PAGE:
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05.08.2019 | Original Paper

Examining Breast Cancer Screening Behavior Among Southern Black Women After the 2009 US Preventive Services Task Force Mammography Guideline Revisions

Journal of Community Health
Deeonna E. Farr, Heather M. Brandt, Swann Arp Adams, Venice E. Haynes, Andrea S. Gibson, Dawnyéa D. Jackson, Kimberly C. Rawlinson, John R. Ureda, James R. Hébert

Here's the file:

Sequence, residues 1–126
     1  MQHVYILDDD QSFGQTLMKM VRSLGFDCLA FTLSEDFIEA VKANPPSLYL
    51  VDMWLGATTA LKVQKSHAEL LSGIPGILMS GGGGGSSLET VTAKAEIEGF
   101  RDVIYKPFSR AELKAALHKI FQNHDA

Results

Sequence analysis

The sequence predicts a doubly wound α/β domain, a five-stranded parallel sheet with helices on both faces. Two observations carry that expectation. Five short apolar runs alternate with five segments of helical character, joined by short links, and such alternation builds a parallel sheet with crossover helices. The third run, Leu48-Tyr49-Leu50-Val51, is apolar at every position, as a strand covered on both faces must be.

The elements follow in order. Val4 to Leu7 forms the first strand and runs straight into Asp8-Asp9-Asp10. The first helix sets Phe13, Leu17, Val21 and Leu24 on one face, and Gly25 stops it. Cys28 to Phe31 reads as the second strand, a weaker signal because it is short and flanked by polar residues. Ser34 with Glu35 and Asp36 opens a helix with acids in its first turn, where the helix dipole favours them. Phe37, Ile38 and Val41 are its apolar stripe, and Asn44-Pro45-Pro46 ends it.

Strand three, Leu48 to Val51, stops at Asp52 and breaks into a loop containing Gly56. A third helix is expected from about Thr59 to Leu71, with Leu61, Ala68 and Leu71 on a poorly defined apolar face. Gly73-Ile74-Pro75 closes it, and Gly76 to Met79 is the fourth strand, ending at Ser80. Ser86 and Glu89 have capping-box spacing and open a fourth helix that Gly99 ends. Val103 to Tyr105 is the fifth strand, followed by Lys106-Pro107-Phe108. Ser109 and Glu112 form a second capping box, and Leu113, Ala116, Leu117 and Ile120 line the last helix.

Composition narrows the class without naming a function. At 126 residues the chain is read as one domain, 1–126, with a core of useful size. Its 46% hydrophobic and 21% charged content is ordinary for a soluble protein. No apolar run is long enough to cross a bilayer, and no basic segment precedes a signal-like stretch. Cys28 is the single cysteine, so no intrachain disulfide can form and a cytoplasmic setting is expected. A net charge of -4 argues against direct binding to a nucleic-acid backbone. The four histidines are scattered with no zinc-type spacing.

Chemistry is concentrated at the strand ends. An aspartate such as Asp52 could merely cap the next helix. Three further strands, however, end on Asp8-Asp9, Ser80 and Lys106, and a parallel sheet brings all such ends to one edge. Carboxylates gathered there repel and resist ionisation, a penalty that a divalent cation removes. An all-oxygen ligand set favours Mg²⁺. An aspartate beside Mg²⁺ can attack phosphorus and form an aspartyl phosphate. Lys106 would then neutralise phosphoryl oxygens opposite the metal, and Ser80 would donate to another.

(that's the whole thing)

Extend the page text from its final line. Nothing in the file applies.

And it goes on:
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Updated United States Preventive Services Task Force (USPSTF) and American Cancer Society mammography screening recommendations push for increased age of initiation and lengthened breast cancer screening intervals. These changes have implications for the reduction of breast cancer mortality in Black women. The purpose of this study was to examine breast cancer screening behavior in a cohort of Southern Black women after the release of the 2009 USPSTF recommendations. Surveys assessing cancer screening information were collected from members of Black churches between 2006 and 2013. The sample was restricted to women aged 40 to 74 years, who did not report a breast cancer diagnosis, or a recent diagnostic mammogram (n = 789). Percentages of women ever completing a mammogram (age 40–49) and annual mammography (age 50–74) in 2006–2009 and 2010–2013 were compared using chi-square statistics. Logistic regression models were fit to determine the predictors of adherence to pre-2010 screening guidelines. No significant changes in mammography rates were found for women in the 40–49 age group (X2 = 0.42, p = 0.52) nor for those in the 50–74 age group (X2 = 0.67, p = 0.41). Completing an annual clinical breast exam was a significant predictor of adherence to pre-2010 screening guidelines for both age groups (OR 19.86 and OR 33.27 respectively) and participation in education sessions (OR 4.26). Stability in mammography behavior may be a result of PCP’s advice, or community activities grounded pre-2010 screening recommendations. More research is needed to understand how clinical interactions and community-based efforts shape Black women’s screening knowledge and practices.

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